Foxconn, or Hon Hai, may be a massive company when it comes to electronics production in Taiwan, but it has never really made it with enthusiasts. Plagued by incomprehensible product names and quite frankly uninventive looking motherboards - the N68S7AA being a perfect example of which, it has finally had a much needed kick up the backside.
Foxconn tempted some DFI engineers to join the manufacturing giant, and went for a whole new look and marketing concept with its latest model. The succulent fruits of such a laborious foot wangling are finally upon us with the first of the Quantum Force range - the Mars, whose name I love.
The Intel P35 based motherboard features an all new "Gladiator" BIOS we've briefly covered, here at bit-tech and we've seen several revisions come and go in the past few weeks in the run up to the retail launch. Foxconn is keen to highlight that this is an overclocking board, and has weighted a lot of effort into getting the BIOS and its technology just right.
But since X38 has come and gone, is Foxconn giving us what we want too late? Or is the woven engineering magic enough to make us want it more than anything? Read on to find out.
Foxconn MARS Features
Support for LGA775 Intel Core 2 Quad and Core 2 Duo, including 1,333/1,066/800MHz FSB and 45nm processors;
Intel P35 Northbridge;
Intel ICH9R Southbridge;
Supports up to 8GB of dual channel DDR2 800 (and 1,066MHz) memory using four 240-pin, 1.8V DDR2 DIMMs;
Two PCI Express x16 slots (x16 and x4 electrical);
Two PCI Express x1 slot;
Three 32-bit v2.3 Master PCI bus slots (support 3.3v/5v PCI bus interface);
One IDE port;
Six SATA 3Gbps ports supporting RAID 0, 1, 0+1, 5 or JBOD;
Realtek ALC888 High-Definition audio codec supporting 7.1 channel surround sound up to 32-bit/192KHz with optical S/PDIF in and out;
One PCI-Express Gigabit Ethernet controllers provided by the Realtek RTL8111B chipset;
JMB361 controller supplying one PATA port and one 3Gbps eSATA device;
I love the look of the box; the colour and design are certainly striking when sitting on a shelf - Foxconn has hit the nail on the head here, although it does appear that one of the warriors looks a little... excited.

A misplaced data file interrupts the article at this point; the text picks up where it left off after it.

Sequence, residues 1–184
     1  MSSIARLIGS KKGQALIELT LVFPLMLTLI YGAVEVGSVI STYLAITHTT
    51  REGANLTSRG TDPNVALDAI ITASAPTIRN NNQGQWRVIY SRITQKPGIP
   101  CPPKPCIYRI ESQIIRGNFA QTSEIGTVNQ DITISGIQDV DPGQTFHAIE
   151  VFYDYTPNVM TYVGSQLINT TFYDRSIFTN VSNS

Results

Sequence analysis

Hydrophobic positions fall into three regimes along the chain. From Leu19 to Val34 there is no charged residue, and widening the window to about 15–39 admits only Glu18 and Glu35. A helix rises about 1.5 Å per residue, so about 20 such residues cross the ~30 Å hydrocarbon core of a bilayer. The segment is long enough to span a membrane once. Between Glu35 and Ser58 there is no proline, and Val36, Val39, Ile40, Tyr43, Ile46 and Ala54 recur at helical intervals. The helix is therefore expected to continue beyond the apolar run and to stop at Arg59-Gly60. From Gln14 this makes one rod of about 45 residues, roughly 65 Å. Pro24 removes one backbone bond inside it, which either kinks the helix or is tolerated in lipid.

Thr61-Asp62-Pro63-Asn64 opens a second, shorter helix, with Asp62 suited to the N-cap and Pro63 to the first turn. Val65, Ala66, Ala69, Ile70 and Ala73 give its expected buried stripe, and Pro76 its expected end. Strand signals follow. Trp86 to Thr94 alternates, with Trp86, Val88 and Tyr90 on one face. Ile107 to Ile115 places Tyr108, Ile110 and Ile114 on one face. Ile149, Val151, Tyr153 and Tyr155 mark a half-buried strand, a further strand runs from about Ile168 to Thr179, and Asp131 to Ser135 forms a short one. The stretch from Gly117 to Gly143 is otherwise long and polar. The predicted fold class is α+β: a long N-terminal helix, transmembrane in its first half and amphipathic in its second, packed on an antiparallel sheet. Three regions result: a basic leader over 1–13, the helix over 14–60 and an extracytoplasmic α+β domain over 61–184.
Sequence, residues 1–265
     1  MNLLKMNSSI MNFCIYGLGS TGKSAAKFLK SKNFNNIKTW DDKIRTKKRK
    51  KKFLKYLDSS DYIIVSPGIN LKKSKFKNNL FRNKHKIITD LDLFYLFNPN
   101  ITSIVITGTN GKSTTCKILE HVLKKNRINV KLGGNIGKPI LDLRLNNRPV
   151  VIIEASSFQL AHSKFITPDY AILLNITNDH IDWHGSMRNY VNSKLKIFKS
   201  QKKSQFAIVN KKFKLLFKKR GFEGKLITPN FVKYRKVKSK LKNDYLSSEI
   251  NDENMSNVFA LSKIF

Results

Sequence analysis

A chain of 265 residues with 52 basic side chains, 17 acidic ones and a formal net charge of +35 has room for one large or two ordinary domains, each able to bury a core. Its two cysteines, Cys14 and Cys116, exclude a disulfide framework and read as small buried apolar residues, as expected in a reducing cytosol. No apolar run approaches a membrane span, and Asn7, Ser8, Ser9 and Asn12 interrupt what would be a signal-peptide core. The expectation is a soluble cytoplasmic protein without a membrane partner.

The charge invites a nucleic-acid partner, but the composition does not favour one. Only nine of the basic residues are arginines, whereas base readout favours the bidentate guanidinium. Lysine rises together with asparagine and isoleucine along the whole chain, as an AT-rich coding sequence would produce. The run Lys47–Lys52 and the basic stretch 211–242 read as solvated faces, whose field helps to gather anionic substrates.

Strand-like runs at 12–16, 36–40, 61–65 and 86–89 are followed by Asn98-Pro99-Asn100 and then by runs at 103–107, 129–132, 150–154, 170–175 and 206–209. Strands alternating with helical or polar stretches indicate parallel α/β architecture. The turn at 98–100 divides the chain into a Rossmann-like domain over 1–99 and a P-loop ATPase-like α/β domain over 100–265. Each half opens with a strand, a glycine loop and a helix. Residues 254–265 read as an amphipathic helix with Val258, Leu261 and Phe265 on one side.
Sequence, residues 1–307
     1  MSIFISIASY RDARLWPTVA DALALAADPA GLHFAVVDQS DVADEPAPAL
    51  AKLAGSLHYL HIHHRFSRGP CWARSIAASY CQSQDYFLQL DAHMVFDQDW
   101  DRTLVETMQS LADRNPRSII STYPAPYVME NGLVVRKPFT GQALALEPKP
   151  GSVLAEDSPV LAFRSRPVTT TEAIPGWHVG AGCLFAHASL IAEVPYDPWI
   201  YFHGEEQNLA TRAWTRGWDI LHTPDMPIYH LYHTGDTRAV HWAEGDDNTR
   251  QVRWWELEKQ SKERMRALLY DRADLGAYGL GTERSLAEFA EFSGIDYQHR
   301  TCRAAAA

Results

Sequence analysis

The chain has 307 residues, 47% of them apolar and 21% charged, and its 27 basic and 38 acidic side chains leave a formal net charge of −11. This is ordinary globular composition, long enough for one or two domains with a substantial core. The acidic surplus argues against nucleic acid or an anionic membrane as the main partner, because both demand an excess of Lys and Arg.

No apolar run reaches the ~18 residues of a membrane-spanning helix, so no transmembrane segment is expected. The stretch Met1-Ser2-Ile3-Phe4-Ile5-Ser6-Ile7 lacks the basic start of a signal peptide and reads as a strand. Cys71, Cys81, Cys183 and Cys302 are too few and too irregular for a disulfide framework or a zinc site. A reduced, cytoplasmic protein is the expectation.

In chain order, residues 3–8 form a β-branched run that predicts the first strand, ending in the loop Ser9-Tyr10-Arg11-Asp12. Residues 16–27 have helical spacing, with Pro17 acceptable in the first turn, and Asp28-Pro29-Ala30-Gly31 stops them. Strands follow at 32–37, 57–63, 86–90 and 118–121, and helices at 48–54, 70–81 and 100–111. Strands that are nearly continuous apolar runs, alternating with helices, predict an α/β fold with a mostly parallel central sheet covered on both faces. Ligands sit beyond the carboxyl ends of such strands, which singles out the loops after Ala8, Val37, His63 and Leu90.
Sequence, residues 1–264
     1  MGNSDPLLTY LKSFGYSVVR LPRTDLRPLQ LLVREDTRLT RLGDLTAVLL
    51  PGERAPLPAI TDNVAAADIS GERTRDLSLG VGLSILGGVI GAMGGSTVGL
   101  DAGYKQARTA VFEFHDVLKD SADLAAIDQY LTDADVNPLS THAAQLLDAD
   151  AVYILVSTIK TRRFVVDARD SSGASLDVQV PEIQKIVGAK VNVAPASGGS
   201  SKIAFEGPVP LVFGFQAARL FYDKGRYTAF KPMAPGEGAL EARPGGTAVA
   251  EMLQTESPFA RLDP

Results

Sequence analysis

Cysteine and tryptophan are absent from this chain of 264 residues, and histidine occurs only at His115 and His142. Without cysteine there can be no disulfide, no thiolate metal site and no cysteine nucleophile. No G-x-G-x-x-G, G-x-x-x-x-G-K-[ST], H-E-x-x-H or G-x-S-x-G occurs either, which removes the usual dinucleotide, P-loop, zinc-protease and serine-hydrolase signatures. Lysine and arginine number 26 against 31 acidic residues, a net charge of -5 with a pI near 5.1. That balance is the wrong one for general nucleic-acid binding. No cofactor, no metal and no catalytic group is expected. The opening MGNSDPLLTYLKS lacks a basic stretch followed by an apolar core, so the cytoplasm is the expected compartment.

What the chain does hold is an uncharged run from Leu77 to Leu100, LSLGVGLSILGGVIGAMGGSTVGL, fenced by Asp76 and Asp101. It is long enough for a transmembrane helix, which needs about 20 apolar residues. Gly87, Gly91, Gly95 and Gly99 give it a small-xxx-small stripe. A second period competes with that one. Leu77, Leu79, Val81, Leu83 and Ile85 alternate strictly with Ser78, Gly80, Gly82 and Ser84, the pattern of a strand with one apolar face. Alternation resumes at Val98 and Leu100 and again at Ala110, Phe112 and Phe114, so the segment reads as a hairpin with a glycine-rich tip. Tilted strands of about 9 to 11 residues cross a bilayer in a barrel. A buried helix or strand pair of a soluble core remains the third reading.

Six SATA cables - two of which have 90 degree connectors on one end
Six Molex to SATA power adapters
IDE and floppy cables
Quick Install Guide, Manual, Driver CD and floppy disk
PCI bracket with two USB and one 4-pin Firewire
Metal rear I/O plate
Optional northbridge fan
Four Quantum Force transfers, one sticker and some dog tags
I can't honestly ever remember a time I've ever thought the need for some water-on transfers or dog tags. If I die horribly in an overclocking accident does that mean my body is shipped to Foxconn? Do I get engraved into a wall in the lobby as number 00764? Jeez come on guys! If you feel the need to throw in some swag, at least give me a pen or something; at least I can write with a pen.
Other than that though, the six SATA cables and power adapters cover the supplied ports entirely, and there are even a couple of 90 degree ones thrown in for variety, which is fantastic. The included fan thankfully is this time optional - included only if you're hammering the northbridge in some insane overclocking frenzy.
Foxconn even includes a driver floppy disk which we haven't seen in a while, however there is only a single PCI bracket with an extra two USB ports given that there are six more available on board, even though there is a 4-pin Firewire port for again, some variety. The manual is a simple black and white affair, but it is detailed in terms of layout and basic BIOS features, however it doesn't go to the extent of recommending overclocking or performance settings or explaining in detail what the options do.